The major parts of a
compound microscope include the eyepiece, objective, and stage for both
reflective and transmitting light microscopes. The transmitted light
microscope also needs to consider illumination which aids into seeing the
Eyepieces are used
for magnification. Microscopes either are monocular, meaning that it has
only one eyepiece, binocular (two eyepieces) or triocular (two for eyes,
and one for camera). Sometimes a binocular reflected light microscope are
referred to it as stereoscopic which only means that you are using two
oculars to see depth. The eyepieces are usually marked with a number.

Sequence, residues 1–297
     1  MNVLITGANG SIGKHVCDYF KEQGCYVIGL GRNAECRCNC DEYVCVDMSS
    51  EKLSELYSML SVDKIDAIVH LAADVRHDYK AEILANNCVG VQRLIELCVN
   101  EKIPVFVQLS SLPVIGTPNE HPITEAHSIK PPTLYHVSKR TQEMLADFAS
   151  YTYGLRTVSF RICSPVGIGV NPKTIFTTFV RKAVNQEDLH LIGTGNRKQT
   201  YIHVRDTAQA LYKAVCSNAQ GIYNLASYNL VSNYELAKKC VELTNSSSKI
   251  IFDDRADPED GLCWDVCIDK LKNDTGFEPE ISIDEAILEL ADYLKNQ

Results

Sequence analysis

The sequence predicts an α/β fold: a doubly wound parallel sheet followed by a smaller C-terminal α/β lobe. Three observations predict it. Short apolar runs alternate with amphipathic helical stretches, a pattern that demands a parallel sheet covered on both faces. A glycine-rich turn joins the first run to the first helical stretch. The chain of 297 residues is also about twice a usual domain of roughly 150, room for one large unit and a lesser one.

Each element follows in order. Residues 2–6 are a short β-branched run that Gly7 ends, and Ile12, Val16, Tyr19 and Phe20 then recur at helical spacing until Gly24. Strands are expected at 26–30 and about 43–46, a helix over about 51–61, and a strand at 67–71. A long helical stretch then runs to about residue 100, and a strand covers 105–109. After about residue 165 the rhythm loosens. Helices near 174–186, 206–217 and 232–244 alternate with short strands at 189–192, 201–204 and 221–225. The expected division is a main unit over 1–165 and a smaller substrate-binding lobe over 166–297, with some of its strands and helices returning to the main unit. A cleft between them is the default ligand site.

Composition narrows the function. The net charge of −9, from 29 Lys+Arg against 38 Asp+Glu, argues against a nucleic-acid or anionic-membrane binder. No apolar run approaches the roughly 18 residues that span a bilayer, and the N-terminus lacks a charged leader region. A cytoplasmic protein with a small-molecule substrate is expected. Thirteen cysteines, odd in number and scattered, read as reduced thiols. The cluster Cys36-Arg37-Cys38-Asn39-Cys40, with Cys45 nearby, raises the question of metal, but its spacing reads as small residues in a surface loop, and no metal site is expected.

For example, “15.5 mm” relates to eye relief or the distance between the
eye and the lens.
the resolution power of the microscope, which increases the detail. A
reflecting light microscope (dissecting microscope) has a lower resolving
power than a transmitted light microscope. However a reflecting
microscope has a better depth of field and
ideal for dissecting or looking at larger objects that cannot be made into
In transmitting light
microscopes the illumination system is very important. The system
includes the light source, condenser, and iris. A
condenser is usually a combination of lenses that gathers and
concentrates light in a specified direction, under the stage. The iris
controls the intensity of the light that goes into the condenser. The
light source is a variety of bulbs that create just the right kind of
light with little heat.
Excessive light makes picture
look "washed out"
Types of illumination can
bring out details